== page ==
On July 17, 1936, lefthander Carl Hubbell of the New York Giants improved his record to 11-6 by defeating the Pittsburgh Pirates 6-0. True to his nickname, the Meal Ticket was doing all he could to keep his fifth-place team alive in the National League pennant race. Five hits, no walks and two strikeouts. "Great game, Carl," the fans shouted. Two days later Hubbell appeared in relief to beat Cincinnati. Then, without missing his regular turn, he started again on July 21 and pitched a 10-inning, complete-game victory over the Cardinals. King Carl had begun the greatest individual winning streak in baseball history.
By Aug. 2, Hubbell had won 5 in a row, and by the first week of September the streak was 11, including 2 victories over each of the league's top teams, the Cardinals, Pirates and Cubs. Hubbell's screwball, a lefthanded version of Christy Mathewson's old fadeaway, was hopping as never before. In a repertoire that also included a respectable fastball and a sharp curve, the pitch bordered on the unhittable. He had used it in striking out Babe Ruth, Lou Gehrig, Jimmie Foxx, Al Simmons and Joe Cronin consecutively in the 1934 All-Star Game. Batters didn't hit it very often, and when they did, they didn't connect solidly. Pretty good results for a pitch the Detroit Tigers had urged Hubbell to discard at a tryout camp eight years earlier.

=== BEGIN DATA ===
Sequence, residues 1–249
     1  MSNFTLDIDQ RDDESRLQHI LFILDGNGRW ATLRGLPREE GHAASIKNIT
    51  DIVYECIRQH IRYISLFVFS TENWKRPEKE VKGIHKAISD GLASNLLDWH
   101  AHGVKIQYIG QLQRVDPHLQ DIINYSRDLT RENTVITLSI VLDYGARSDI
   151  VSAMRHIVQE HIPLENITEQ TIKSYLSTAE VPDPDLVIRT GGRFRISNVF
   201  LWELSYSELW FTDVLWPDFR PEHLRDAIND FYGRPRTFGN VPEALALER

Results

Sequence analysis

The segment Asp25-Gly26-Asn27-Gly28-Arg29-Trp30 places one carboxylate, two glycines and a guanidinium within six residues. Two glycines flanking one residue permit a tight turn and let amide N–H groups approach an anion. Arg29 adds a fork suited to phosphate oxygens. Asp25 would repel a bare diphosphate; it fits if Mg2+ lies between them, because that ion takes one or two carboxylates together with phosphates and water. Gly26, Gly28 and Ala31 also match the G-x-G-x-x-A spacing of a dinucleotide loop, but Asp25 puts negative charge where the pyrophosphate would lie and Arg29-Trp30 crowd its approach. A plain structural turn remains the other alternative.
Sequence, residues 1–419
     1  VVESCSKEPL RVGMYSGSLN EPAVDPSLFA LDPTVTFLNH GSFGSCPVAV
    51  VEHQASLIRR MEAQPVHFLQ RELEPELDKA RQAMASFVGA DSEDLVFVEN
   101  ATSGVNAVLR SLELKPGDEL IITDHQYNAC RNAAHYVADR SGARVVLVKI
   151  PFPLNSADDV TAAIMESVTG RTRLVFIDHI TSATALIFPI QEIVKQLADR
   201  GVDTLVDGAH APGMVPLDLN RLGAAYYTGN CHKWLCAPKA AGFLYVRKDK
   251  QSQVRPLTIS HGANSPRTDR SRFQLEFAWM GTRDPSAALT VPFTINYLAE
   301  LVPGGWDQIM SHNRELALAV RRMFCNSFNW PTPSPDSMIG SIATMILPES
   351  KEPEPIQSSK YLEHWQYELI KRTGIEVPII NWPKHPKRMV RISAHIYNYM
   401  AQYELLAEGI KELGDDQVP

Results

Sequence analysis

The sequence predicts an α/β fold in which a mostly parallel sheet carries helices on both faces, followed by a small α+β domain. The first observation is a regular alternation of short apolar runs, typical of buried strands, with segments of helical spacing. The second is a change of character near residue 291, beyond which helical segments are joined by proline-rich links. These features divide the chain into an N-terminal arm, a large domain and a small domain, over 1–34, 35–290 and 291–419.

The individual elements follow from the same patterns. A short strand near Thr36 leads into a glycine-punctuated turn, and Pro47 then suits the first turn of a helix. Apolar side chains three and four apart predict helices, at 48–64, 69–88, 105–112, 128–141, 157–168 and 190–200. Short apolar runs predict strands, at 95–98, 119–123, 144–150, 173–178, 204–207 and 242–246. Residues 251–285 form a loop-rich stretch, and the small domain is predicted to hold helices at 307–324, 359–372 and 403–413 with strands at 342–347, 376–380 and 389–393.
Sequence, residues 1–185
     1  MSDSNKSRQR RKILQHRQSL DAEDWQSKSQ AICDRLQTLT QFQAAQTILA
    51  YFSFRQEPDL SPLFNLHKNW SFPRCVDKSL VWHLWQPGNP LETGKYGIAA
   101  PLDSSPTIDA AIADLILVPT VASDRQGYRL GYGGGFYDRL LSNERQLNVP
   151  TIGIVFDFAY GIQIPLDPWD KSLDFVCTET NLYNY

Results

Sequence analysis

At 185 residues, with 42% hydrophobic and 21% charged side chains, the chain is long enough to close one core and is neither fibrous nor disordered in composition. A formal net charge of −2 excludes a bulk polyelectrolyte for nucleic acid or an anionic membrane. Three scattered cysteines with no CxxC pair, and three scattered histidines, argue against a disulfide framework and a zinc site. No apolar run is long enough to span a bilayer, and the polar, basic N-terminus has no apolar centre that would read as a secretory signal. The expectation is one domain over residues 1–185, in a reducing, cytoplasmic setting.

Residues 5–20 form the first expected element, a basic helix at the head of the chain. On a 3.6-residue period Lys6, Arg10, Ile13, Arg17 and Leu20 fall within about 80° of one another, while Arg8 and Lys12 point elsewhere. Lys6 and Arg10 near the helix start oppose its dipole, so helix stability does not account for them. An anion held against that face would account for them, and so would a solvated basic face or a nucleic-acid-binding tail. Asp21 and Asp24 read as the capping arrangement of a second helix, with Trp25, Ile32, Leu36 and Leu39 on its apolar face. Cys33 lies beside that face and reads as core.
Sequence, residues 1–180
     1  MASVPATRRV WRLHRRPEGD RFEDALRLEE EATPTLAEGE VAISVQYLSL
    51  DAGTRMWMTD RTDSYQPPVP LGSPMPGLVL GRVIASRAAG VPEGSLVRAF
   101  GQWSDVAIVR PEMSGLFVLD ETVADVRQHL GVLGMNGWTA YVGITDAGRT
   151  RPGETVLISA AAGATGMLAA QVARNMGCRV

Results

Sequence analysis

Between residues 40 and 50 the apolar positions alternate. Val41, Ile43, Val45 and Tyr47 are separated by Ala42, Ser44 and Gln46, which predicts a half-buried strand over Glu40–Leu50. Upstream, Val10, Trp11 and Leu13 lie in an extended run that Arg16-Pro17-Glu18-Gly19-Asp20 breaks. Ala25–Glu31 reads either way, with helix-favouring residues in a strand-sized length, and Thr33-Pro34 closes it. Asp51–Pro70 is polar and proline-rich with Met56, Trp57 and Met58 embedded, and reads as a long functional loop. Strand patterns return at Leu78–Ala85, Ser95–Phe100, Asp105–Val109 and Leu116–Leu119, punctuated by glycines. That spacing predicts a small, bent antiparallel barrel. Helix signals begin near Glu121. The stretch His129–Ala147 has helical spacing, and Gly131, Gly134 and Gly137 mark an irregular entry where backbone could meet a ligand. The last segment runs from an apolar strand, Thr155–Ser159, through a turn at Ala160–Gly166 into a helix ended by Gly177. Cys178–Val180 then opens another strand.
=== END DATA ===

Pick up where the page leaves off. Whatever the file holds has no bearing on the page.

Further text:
In late September, Hubbell's streak reached 16, and the Giants roared past the top three contenders to win the pennant by five games. Of the 16 wins, one was in relief and 14 were complete games. Hubbell's ERA for the stretch was 1.86.
Hubbell continued his mastery in the opening game of the World Series, defeating the Yankees 6-1. But then inevitably he lost, dropping the fourth game 5-2 as the Yankees took the Series four games to two.
April 19, 1987
Hubbell's regular-season streak was still alive, however, and for Giants fans and baseball historians, that was all that mattered. The streak became the hot topic of the Hot Stove League. With 16 in a row, Hubbell had taken aim at one of baseball's oldest records. Two former Giants had won 19 games in a row—Tim Keefe in 1888 and Rube Marquard in 1912. People began to ask: If Hubbell won four straight to start the 1937 season, would he have the new record?
Marquard certainly had an opinion. He replied sourly that his streak was actually 20. He contended that an official scorer had robbed him of an extra victory in 1912.